But in another respect, the solution of an intellectual problem arises not much differently than when a dog who carries a stick in its mouth wants to go through a small door; he turns his head left and right as long as necessary to make the stick slip through. We do it just like this, with the difference that we do not go act haphazardly but know from experience more or less how we should go about it.”
Robert Musil, The Man without Qualities
Robert Musil’s description of the cognitive process seems especially relevant to the Left’s struggle for a better society. But is the quote’s last half-sentence really true? Do we “know from experience more or less how we should go about” changing society for the better? This question is particularly relevant in reflecting the historical experience of the Soviet Union, a history that leads from triumph to defeat. This process of reflection has been encumbered by party-loyalty: those who dared to place their fingers into the open wounds of Communist history often risked being denounced as traitors by their comrades. To make matters worse, the special emphasis that Soviet Marxists placed on (re)writing the narrative of the Soviet Union’s becoming paradoxically interferes with any attempt to explore and evaluate its actual history.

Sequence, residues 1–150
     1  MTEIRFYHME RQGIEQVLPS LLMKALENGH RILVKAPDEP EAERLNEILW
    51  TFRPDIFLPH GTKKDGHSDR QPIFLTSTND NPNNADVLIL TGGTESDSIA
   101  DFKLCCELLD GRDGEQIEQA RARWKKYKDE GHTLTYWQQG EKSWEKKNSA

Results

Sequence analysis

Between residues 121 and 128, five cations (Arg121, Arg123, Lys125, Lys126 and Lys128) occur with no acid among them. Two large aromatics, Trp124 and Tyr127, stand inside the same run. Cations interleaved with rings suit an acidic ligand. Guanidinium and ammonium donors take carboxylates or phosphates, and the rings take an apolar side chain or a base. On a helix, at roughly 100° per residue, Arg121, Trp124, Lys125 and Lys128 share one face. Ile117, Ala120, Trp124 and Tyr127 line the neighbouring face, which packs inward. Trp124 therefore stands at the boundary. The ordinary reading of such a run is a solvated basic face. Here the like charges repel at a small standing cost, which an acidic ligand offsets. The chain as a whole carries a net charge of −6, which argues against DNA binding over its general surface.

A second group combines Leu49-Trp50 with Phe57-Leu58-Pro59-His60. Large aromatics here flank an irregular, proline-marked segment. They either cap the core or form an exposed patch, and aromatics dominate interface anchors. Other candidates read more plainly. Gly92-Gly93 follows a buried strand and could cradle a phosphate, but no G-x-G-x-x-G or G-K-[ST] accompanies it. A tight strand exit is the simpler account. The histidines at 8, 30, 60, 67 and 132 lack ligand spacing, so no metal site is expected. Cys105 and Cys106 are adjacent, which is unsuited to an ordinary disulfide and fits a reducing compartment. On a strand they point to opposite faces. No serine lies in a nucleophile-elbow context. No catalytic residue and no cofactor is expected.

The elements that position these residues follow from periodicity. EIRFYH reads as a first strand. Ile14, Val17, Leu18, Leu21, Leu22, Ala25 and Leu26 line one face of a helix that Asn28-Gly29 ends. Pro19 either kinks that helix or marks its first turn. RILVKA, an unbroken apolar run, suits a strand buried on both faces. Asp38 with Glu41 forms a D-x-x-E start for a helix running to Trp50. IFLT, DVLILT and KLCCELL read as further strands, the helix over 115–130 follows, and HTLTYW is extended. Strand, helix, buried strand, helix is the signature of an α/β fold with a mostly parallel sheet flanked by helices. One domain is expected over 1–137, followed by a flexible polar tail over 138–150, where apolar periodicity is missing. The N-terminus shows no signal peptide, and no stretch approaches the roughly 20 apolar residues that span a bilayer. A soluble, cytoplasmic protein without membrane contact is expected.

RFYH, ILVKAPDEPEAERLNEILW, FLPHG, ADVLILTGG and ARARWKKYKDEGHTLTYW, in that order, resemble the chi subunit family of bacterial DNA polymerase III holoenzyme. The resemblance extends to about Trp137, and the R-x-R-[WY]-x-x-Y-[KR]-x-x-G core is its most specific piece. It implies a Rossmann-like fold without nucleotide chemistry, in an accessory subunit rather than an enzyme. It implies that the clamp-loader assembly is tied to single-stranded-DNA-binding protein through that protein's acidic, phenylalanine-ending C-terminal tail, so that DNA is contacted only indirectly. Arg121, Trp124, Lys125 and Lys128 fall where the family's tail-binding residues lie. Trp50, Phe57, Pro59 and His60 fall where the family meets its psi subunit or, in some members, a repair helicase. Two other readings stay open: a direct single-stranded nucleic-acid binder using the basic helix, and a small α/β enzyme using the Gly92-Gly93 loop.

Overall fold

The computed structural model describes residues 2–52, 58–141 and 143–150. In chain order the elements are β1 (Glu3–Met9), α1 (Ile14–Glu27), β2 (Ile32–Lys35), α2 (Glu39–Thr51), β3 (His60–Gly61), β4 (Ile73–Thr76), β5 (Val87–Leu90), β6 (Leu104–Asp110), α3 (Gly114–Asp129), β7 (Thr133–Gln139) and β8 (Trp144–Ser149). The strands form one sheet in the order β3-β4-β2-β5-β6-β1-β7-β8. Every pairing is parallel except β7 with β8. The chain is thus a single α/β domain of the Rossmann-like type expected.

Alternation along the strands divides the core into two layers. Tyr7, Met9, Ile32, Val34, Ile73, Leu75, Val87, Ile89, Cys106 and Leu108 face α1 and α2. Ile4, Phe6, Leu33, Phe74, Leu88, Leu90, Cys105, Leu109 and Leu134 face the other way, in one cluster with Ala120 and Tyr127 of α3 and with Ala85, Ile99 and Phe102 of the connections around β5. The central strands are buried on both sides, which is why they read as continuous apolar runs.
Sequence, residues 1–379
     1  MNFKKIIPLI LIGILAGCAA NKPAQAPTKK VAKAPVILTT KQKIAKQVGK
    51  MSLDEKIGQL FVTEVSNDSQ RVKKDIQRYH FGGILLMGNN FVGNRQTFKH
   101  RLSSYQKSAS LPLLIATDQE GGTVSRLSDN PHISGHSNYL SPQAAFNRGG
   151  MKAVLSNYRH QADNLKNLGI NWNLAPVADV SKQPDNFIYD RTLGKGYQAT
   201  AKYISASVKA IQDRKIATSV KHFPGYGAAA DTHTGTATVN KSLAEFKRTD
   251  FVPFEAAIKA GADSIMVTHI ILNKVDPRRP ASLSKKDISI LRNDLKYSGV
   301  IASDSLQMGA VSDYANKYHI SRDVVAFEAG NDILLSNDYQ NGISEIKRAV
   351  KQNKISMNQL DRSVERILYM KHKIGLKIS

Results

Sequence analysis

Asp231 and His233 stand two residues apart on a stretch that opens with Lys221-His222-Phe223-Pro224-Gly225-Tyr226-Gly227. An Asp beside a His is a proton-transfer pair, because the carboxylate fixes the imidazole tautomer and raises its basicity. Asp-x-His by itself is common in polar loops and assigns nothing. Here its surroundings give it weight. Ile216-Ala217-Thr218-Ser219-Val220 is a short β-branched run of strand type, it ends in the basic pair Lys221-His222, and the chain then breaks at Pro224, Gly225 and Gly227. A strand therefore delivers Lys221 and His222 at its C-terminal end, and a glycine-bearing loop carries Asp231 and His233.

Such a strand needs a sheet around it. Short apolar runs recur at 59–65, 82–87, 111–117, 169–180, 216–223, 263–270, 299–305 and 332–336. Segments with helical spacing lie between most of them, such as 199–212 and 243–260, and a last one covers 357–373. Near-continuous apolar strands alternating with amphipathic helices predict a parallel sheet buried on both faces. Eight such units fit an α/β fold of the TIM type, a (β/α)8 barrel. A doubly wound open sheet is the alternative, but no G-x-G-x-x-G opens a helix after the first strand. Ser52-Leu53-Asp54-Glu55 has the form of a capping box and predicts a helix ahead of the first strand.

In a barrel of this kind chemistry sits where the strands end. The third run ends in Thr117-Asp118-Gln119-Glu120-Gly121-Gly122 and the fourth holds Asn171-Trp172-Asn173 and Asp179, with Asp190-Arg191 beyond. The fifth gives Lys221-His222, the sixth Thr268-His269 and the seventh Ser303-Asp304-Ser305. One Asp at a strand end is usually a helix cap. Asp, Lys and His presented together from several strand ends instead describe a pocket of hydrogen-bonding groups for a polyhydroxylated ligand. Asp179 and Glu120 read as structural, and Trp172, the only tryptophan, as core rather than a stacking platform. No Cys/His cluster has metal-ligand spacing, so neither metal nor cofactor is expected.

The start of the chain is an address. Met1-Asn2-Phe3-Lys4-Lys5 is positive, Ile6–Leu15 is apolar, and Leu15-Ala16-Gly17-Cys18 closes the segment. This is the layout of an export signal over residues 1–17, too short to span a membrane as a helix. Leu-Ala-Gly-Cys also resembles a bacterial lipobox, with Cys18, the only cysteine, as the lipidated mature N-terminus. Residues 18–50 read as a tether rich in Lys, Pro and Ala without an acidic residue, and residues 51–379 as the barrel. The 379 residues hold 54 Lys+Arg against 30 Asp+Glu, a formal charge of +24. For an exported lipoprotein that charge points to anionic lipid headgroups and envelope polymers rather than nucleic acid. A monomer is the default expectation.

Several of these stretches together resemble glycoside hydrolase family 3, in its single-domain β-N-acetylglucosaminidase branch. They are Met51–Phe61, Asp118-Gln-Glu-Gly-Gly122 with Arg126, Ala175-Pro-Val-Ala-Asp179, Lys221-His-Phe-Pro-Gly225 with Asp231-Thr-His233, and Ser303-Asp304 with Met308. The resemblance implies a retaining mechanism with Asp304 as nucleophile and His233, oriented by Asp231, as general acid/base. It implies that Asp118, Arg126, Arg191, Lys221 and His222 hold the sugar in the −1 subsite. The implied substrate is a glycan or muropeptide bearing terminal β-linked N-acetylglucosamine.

Among the events that characterize the early Soviet Union, the revolt of the sailors at Kronstadt and its suppression through the Bolshevik government seems especially salient. It can be seen as the last meaningful attempt of the worker’s and soldier’s soviets – the mainstay of the October Revolution’s victory – to correct the Bolsheviks’ seizure of power, attempting to replace it with the hegemony of councils. Dissatisfied with the elimination of revolutionary-democratic institutions, the Kronstadt councils turned against the central power of the Bolsheviks, who, in their opinion, had succeeded in “luring the sons of the working people (…) into the rows of the Party through cunning propaganda and placing them into the fetters of strict discipline. Then, when the Communists felt strong enough, they silenced the other directions of socialism one by one, eventually pushing the workers and peasants away from the helm of the state, although they continued to rule the country in their name”. (Dokumente der Weltrevolution” Bd. 2, S. 28)